...and where some elements...

People get worked up when their way of life...

...and all they've worked for is threatened.

Get out!

I'm sorry it went like this.

Just leave.

You just can't force people to change their hearts, son.

Well, now, children.

Is this all that's packed since I left here this morning?

I testify before God, my children got all the energy of the dead.

- What time is the moving men due? - Four o'clock.

- You had a caller. - Sure enough, who?

- The Welcoming Committee. - Who?

The Welcoming Committee. They said they'll sure be glad...

...when you get there.

They say they can hardly wait to see your face.

What's the matter?

Nothing the matter with us.

We're just telling you about the gentleman who called on you today...

...from the Clybourne Park Improvement Association.

What did he want?

He said that the one thing that they don't have out there...

...that they are just simply dying to have out there...

...is a fine family of colored people.

He left his card...

...in case.

Father, give us strength.

Did he threaten us?

They don't do it like that anymore.

He talked brotherhood. He said he can't understand why people can't...

...sit down and hate each other with good Christian fellowship.

You should hear the money they raised...

...to buy the house back from us. All we paid and then some.

What do they think we're going to do, eat them?

No, honey, marry them.

Lord, Lord, Lord!

Well, that's the way the crackers crumble. Joke.

What you doing?

I'm fixing my plant so it won't get hurt none on the way.

You going to take that thing with us to the new house?

That ragged-Iooking old thing?

It expresses me.

So there, Miss Thing.

You're going to make me mess up my thing here now.

Get on away from me!

- How does the song go again? - Go finish up packing.

I've got wings and you got wings

And all God's children got wings

All God's children got wings

We ain't finished packing. The men'll be here soon.

Bennie, you ain't packed one book yet.

Couldn't be the moving men. It's not hardly 2.

I'll get it.

You expecting company?

Let them in.

We need some more string.

Travis, run down to the store and get some string cord. Hurry.

Why don't you answer the door, man?


...sometimes it's just hard to let the future begin.

Now I got wings You got wings

You've got wings...

Hey, man. Where's Willie?

- He ain't with me. - Come on in. Come in.

- You know my wife, don't you? - Hi, Miss Ruth.

- Hi, Bobo. - Right on time, baby. Right on time.

Come on, sit down, sit down!

Let me hear.

Could I have a drink of water before I tell you about it?

Nothing go wrong on you?

- Let me tell you... - Nothing went wrong, man.

Let me tell you. You know how it was.

Now I got to tell you.

I mean, first I got to tell you how it was all the way.

- About the money I put in. - What about the money you put in?

It wasn't as much as we told you, me and Willie.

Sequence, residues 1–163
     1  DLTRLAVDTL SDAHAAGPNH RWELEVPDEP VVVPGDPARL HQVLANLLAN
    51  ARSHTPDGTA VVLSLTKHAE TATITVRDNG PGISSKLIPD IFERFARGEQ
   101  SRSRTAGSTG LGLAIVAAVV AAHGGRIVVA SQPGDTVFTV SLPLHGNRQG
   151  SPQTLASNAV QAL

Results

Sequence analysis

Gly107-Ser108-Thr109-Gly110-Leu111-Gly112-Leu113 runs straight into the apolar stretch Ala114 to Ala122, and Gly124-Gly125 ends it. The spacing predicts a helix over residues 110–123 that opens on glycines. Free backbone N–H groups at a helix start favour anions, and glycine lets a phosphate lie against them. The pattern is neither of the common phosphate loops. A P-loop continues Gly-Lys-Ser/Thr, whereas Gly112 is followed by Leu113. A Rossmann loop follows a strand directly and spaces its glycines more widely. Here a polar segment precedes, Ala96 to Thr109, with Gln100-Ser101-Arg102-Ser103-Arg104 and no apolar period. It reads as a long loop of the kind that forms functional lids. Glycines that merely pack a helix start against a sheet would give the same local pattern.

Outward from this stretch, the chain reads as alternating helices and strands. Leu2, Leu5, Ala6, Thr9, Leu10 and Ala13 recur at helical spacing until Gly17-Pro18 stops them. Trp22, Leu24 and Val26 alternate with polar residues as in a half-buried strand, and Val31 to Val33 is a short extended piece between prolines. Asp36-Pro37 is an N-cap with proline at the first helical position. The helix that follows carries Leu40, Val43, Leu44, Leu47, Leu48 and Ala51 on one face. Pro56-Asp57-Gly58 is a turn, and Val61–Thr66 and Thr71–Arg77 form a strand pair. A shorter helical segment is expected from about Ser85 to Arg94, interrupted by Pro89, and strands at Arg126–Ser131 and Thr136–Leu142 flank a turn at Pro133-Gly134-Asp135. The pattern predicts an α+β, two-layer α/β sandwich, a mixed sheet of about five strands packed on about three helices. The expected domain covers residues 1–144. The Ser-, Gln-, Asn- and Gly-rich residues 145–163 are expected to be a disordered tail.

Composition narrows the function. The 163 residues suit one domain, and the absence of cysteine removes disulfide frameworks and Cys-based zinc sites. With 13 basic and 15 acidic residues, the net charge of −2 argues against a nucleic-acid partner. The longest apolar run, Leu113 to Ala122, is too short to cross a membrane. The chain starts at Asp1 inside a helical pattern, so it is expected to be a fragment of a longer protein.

I'm sorry. I got a bad feeling about it.

- Why are you telling me? - I had a real bad feeling.

What happened down in Springfield?


What was supposed to happen in Springfield?

This deal that me and Walter went into.

Me and Willie was going to Springfield...

...and spread money around so as not to wait to get the liquor license.

That's what we was going to do. Everybody said that's the way.

You understand?

What happened down there, man?

I'm trying to tell you.

Tell me! What's the matter with you?

I didn't go to no Springfield.

- Why not? - I didn't have no reason to go.

- What are you talking about? - When I got to the train station...

...yesterday morning, 8:00 like we planned, Willie never did show up.

Why not? Where was he? Where is he?

That's what I'm trying to tell you. I don't know.

I waited six hours!

I called his house and I waited.

I waited in that train station six hours.

That was all the extra money I had in this world.

Man, Willie's gone!

What do you mean, Willie is gone?

Gone where?

You mean he went by himself to get the license?

You mean he went to Springfield by himself?

He didn't want too many people in on the business.

Willie got his own ways.

Maybe you were late yesterday, and he went there without you.

Maybe he's sick.

He's somewhere, man. He's somewhere.

We got to find him. You hear me?

He's gone!


Don't do it, man. Not with that money.

Not with that money.

I trusted you.

I put my whole life in your hand.

Man, do you know that that money...

...is made out of my father's flesh?

I'm sorry!

I'm sorry.

I had my life staked on this deal too.


...is it gone?

I gave you $6,500.

Is it gone?

All of it?

- Beneatha's money too? - I didn't go to the bank at all.

I seen him...

...night after night, come in.

And he'd look at the rug, and he'd look at me.

The red showing in his eyes...

...and the veins moving in his head.

I seen him grow old and thin before he was 40.